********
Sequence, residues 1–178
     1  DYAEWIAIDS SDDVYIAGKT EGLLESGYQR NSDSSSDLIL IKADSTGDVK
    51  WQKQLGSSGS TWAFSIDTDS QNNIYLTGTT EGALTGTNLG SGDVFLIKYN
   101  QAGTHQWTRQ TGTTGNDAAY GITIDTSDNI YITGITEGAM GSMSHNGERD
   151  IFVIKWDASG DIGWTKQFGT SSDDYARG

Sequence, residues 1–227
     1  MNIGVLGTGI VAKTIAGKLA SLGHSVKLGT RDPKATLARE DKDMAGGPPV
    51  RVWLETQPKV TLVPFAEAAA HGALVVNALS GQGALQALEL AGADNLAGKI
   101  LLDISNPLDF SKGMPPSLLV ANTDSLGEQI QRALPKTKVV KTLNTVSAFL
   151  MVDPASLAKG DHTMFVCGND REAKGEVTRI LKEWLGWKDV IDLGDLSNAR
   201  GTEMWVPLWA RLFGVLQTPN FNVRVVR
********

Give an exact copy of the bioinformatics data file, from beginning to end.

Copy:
Sequence, residues 1–178
     1  DYAEWIAIDS SDDVYIAGKT EGLLESGYQR NSDSSSDLIL IKADSTGDVK
    51  WQKQLGSSGS TWAFSIDTDS QNNIYLTGTT EGALTGTNLG SGDVFLIKYN
   101  QAGTHQWTRQ TGTTGNDAAY GITIDTSDNI YITGITEGAM GSMSHNGERD
   151  IFVIKWDASG DIGWTKQFGT SSDDYARG

Sequence, residues 1–227
     1  MNIGVLGTGI VAKTIAGKLA SLGHSVKLGT RDPKATLARE DKDMAGGPPV
    51  RVWLETQPKV TLVPFAEAAA HGALVVNALS GQGALQALEL AGADNLAGKI
   101  LLDISNPLDF SKGMPPSLLV ANTDSLGEQI QRALPKTKVV KTLNTVSAFL
   151  MVDPASLAKG DHTMFVCGND REAKGEVTRI LKEWLGWKDV IDLGDLSNAR
   201  GTEMWVPLWA RLFGVLQTPN FNVRVVR